They admired Franklin D. Roosevelt and preferred the American admixture of philosophy, sober pragmatism and basic optimism, over the cultural pessimism (Kulturpessimismus) of Heidegger and Spengler. [Alfred] Andersch returned from the United States not with a knapsack full of canned food, as did many of his fellow prisoners, but with loads of American books.
Another former tank soldier on the staff had kept a diary during the war in which he consistently referred to Hitler as "that pig." The book was found, the soldier was court-martialed, and likely would have been hanged had not a sympathetic judge produced an opinion ruling the man was insane due to a past unhappy love affair.

The "Neue Zeitung" was a phenomenal success. Three months into its existence, circulation had jumped from 500,000 copies per issue to 1.6 million. And from the very start, American authorities slammed the paper for the exact reasons that Germans loved it.

Nazi leaders had worked hard to associate America with lack of culture and Jewish domination. But average Germans had long since embraced many aspects of American life, and this continued during the war. They danced to "decadent" jazz records from the States even after 1941. "Mickey Mouse was so popular that it appeared on the coat of arms of a German battalion."

The "Neue Zeitung" constantly was under pressure from various U.S. military authorities, despite their common goal of introducing democracy to Germans. The émigrés, many of them leftists, picked and chose from the menu of American life for ideals they thought worthy of or appropriate for German life.

While rejecting the notions of unlimited capitalism, economic individualism, and unrestrained freedom, the editors praised the educational advantages, the functional optimism and idealism, and the guaranteed right to the 'pursuit of happiness' in the United States. 'What is the basic difference between the American and the European spirit?' the pan-European socialist Richard Coudenhove-Kalergi asked. 'The foremost difference is the gap between American optimism and European pessimism. European pessimism may be one of the reasons why Europe failed in its great effort to lead the world. American optimism will be a great plus for fulfilling this task.' Europeans regarded the American belief in mankind's goodness as naive. Americans, in turn, found Europeans' cynicism and fear of the evil in mankind troublesome. 'You cannot believe in democracy without being an optimist,' Coudenhove-Kalergi continued. 'Democracy is identical with the idea that people can live in freedom without abusing it.' Germans had to recognize the 'right to happiness' as a purpose in life, not as a side effect.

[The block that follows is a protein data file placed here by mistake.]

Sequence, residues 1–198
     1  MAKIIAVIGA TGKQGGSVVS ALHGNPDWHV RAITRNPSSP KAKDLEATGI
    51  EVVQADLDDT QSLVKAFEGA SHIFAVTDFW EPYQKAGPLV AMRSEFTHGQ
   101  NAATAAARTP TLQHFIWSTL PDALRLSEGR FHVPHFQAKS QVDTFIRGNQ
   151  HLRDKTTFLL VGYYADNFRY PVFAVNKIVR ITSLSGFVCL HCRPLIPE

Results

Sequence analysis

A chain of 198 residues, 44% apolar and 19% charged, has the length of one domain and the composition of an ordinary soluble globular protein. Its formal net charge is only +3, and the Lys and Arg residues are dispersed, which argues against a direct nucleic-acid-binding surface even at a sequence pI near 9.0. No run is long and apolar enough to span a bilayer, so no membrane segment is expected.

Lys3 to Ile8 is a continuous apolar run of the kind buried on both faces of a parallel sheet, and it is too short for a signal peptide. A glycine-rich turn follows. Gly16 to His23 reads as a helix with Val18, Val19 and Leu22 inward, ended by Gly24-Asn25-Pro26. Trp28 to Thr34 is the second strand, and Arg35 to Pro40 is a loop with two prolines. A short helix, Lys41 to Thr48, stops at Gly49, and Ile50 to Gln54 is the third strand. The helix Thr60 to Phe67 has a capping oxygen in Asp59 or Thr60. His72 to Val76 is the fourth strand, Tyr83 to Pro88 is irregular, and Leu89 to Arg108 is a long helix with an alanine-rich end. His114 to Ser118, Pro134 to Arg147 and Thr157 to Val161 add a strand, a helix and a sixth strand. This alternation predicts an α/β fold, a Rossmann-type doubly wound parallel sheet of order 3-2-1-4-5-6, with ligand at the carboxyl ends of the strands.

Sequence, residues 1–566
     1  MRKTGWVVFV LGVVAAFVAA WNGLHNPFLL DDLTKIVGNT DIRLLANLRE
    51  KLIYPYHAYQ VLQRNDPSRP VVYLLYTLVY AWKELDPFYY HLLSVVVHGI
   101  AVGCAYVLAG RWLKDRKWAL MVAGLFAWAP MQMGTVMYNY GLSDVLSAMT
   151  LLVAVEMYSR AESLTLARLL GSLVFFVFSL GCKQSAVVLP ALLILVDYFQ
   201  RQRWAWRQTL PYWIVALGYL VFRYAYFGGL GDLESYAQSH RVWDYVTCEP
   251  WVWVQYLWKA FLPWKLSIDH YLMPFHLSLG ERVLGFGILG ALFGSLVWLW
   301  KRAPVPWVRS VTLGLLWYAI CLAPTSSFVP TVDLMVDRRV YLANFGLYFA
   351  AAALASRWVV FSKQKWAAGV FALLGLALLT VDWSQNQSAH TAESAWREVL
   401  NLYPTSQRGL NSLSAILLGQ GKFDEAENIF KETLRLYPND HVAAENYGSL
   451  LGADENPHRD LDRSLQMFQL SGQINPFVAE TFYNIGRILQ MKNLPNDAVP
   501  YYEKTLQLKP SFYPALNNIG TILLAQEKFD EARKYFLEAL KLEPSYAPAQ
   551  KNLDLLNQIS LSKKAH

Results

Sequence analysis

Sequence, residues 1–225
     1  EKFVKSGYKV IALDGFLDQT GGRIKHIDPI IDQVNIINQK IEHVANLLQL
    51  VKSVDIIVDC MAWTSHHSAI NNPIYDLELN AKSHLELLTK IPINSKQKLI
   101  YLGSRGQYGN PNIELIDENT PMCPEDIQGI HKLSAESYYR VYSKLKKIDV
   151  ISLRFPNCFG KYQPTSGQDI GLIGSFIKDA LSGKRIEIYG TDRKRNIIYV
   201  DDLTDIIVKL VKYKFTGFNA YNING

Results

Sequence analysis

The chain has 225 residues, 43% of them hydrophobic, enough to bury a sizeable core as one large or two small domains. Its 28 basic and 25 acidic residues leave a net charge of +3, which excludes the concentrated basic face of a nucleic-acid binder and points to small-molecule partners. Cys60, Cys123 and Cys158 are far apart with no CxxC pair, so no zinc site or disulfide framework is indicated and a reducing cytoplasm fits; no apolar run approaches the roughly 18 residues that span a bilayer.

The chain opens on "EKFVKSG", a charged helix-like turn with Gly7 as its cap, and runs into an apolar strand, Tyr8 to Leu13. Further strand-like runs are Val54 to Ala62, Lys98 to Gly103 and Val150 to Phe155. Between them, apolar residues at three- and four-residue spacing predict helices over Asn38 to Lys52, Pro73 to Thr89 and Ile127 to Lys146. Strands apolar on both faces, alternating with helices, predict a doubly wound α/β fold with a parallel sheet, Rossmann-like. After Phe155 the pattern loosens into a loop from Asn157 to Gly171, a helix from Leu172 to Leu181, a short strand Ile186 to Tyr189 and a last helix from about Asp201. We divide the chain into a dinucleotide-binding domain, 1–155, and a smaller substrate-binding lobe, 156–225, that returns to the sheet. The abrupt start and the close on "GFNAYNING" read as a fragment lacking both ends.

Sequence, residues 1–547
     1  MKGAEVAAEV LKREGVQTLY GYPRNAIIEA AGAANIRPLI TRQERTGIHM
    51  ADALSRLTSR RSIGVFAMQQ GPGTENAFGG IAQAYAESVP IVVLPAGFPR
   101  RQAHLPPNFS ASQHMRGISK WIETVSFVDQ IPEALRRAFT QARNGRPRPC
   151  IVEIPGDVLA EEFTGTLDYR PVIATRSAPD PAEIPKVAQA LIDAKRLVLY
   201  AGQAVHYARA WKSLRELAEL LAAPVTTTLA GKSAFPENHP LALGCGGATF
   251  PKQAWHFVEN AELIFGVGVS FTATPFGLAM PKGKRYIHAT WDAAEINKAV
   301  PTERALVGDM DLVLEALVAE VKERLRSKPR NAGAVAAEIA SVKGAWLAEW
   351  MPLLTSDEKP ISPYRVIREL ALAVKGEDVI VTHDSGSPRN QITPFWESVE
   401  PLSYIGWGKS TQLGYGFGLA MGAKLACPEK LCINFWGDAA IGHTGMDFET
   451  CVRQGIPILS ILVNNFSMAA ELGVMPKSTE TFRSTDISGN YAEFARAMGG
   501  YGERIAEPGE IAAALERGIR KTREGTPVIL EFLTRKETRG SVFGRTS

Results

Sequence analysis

That Coudenhove-Kalergi piece (titled "Der Optimismus Amerikas"), from the Dec. 21, 1945, "Neue Zeitung" is deeply resonant for U.S.-European relations today. It also can say a lot about internal American political dichotomies in this age of wars of liberation and terrorism. It can illuminate a land that some people look at and see freedom on the march and others look at and see a cesspool of repression and torture. Just so, the small but significant omission that converts "pursuit of happiness" to "right of happiness" can explain much that covers the same ground.

Letters to the editor and readership polls in the "Neue Zeitung" showed strong disapproval of the "Nuremberg Trials" in 1946. "[M]any readers doubted the legitimacy of an international court in which the victors judged the losers after having vanquished them militarily." No doubt the Germans felt this because they identified with the defendants. Their excuses of "just following orders" could have applied, more or less, to most Germans who had survived the war, who, regardless of their personal beliefs, occupied some position in the gray area between active and enthusiastic cooperation with the Third Reich and open resistance to it. Most had simply kept their heads down and followed orders when they could not avoid them. They knew the distinction between "good" and "bad" Germans was artificial and false.